There’s a Patton Oswalt bit where he says you know you’re getting old when you find yourself fascinated by World War 2. I’ve always been interested in history but sadly it’s true, as I get older, the more interested I am in history and WW2. When we were planning our trip to Japan, I was really excited to see Hiroshima and learn more about the city before and after the war. President Obama actually visited Hiroshima just a couple days before us so we could have planned it better to see him as well but according to reports it was a bit of a madhouse with so many people coming to see him.
We were using Kyoto as our home base for the next couple of days so we caught the train from Kyoto to Hiroshima. The ride is about 2 hours and 20 minutes and involved a transfer at Osaka. There are a couple of direct trains to Hiroshima from Kyoto but we missed the last one and didn’t want to wait for the next one. It was pretty cloudy when we left Kyoto but it was a clear, beautiful, and hot day in Hiroshima. We grabbed lunch and got at Nagataya, the #1 Trip Advisor rated restaurant in Hiroshima, which was located close to the Peace Memorial Park. We had a dish called okonomiyaki which is a regional dish of Hiroshima. It was basically udon or soba noodles fried on a skillet with onions, cheese, meat, and special sauce. It was really good.
Like Nagasaki, I wanted to see some of the museums and sites about the atomic bomb dropping. All the museums, parks, and statues are located in the same central area in Hiroshima about a 25 minute walk from the train station. We went to the National Peace Memorial Hall for the Atomic Bomb Victims, the Hiroshima Peace Memorial Museum, the Children’s Peace Monument, the Atomic Bomb Dome, and walked around the Peace Memorial Park. After visiting the Peace Memorial Park, we walked to the Hiroshima Castle before heading to the train station. The castle is actually a replica of the castle that was there before the bomb. It was a nice castle but nothing too special so I won't go into it here.
The National Peace Memorial Hall for the Atomic Bomb Victims opened in August, 2002, to mourn the lives lost in the atomic bombing and pray for everlasting peace as a country. It aims to deepen the understanding of people around the world of the tragedy caused by the atomic bomb, and to hand down Hiroshima's experience of the A-bombing to future generations. The Hall of Remembrance recreates a 360 degree view of the A-bombed city seen from ground zero, a space in which visitors can quietly pay tribute to the A-bomb victims and contemplate peace. The Memorial Hall also offers visitors an opportunity to view and listen to materials, such as A-bomb memoirs and survivor testimony videos, and puts the names and exhibits photo portraits of deceased A-bomb victims on public view.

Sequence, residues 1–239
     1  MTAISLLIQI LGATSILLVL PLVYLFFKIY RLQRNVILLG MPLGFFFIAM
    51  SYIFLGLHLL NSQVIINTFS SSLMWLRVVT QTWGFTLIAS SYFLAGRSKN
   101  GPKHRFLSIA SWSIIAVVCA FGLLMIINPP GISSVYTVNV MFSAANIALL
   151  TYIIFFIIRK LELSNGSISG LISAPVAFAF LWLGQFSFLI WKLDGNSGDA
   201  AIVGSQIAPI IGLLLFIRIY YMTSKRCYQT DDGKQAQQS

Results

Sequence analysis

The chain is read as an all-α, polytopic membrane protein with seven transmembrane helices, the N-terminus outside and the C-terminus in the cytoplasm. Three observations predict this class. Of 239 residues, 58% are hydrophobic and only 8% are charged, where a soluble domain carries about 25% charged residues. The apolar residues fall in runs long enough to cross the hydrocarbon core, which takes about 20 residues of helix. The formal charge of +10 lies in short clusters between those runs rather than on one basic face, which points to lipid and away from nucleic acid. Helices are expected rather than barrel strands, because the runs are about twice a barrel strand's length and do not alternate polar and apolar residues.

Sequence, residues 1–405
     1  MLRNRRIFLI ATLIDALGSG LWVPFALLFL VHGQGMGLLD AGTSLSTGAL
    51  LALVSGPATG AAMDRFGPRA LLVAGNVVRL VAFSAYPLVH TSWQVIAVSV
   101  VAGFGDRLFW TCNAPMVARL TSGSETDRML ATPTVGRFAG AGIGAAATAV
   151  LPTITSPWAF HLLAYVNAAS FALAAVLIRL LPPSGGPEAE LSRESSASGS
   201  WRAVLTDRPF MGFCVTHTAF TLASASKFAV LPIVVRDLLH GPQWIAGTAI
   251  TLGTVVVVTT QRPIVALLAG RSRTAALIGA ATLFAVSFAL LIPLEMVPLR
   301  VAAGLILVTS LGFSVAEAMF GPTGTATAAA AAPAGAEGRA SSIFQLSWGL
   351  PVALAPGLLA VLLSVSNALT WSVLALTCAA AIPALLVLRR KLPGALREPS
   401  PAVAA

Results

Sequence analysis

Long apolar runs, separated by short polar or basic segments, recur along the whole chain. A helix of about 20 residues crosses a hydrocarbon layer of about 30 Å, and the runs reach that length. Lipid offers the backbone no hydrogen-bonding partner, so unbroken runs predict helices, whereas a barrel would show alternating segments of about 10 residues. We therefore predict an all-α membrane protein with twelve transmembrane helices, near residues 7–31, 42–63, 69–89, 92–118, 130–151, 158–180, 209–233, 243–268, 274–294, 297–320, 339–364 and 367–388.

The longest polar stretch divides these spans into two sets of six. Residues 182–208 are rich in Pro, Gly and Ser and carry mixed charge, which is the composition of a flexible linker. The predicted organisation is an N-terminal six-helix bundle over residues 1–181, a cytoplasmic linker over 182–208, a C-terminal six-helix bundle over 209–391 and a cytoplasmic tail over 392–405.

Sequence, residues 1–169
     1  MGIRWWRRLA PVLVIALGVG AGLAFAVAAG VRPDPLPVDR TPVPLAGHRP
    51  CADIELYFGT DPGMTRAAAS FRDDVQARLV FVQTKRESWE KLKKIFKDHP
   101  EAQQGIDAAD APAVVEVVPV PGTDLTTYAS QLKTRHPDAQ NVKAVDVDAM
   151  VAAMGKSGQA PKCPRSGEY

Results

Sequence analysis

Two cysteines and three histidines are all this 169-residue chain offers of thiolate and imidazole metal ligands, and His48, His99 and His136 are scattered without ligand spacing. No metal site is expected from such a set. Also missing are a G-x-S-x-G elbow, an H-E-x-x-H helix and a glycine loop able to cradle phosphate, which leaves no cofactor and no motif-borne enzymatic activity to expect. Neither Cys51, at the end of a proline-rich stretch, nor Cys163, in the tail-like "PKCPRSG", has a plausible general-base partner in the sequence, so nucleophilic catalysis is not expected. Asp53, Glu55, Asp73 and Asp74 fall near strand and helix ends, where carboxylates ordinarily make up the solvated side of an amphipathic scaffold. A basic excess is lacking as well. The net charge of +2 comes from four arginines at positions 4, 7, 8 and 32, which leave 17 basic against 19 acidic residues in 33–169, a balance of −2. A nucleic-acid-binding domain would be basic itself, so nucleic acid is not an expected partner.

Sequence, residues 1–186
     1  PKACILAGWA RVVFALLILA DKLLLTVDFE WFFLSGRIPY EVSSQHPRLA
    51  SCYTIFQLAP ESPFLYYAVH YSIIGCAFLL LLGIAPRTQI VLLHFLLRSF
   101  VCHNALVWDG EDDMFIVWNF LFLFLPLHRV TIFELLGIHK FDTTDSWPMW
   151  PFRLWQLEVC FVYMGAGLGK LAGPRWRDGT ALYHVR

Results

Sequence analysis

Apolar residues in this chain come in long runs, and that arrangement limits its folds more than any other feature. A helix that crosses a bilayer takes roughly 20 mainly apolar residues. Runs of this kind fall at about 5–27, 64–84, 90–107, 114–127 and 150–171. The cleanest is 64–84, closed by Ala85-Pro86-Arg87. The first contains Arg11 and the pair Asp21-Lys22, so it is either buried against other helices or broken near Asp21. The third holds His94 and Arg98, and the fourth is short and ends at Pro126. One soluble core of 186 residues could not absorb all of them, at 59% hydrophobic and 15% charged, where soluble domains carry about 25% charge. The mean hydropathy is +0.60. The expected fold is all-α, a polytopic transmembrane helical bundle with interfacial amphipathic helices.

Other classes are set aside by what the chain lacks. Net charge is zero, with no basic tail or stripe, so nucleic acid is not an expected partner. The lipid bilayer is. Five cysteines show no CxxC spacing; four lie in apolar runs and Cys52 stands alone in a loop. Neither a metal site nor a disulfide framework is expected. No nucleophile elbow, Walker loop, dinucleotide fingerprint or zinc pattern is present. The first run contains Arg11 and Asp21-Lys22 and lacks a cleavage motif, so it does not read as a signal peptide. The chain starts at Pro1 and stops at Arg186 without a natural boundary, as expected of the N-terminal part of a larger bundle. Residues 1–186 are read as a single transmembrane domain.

The Hiroshima Peace Memorial Museum was established in 1955 and according to the museum literature, the Museum “collects and displays belongings left by the victims, photos, and other materials that convey the horror of that event, supplemented by exhibits that describe Hiroshima before and after the bombings and others that present the current status of the nuclear age. Each of the items displayed embodies the grief, anger, or pain of real people. Having now recovered from the A-bomb calamity, Hiroshima's deepest wish is the elimination of all nuclear weapons and the realization of a genuinely peaceful international community.” There are a number of graphic photographs of victims and exhibits showing the power and extent of the devastation. They also went into the physics and function of the atomic bomb along with some of the history leading up to the dropping of the bomb. The Peace Memorial Museum was probably the most moving part of our experience in Hiroshima. Everyone was very quiet and somber going through the museum and the exhibits really do a good job of capturing the city and the people before and after the bomb dropping. Some people were crying as they went through and we got a little emotional as well.
The Atomic Bomb Dome is the skeletal ruins of the former Hiroshima Prefectural Industrial Promotion Hall that was destroyed in the bomb. The Atomic Bomb Dome is a really beautiful building that actually reminds me a lot of the new San Diego downtown library dome but obviously with a lot more significance. It was the building closest to the hypocenter of the nuclear bomb that remained at least partially standing. It was left how it was after the bombing in memory of the casualties. It is estimated that over 70,000 people were killed instantly, and another 70,000 suffered fatal injuries from the radiation.
Hiroshima was very sobering and eye-opening experience but also very worthwhile. We actually visited on Memorial Day so it felt even more significant to me to not only honor our troops but also grasp the consequences of war. You can see the major sites in a couple hours because they are so close to each other. I was actually surprised at the size, speed, and extent of the rebuilding of the city in just 70 plus years. Hiroshima is now a city of over 1.1 million people. It is a bustling city with a number of modern buildings and thriving businesses. Hiroshima has convenient access to some famous sites and cities of Japan. One of the three famous views of Japan, Miyajima Island, is just a short train and ferry ride away. Even if you’re just visiting Tokyo, I still highly recommend going to Hiroshima to more fully comprehend the power and reality of nuclear weapons.
To see the full gallery of our trip to Hiroshima click here: Hiroshima, Japan.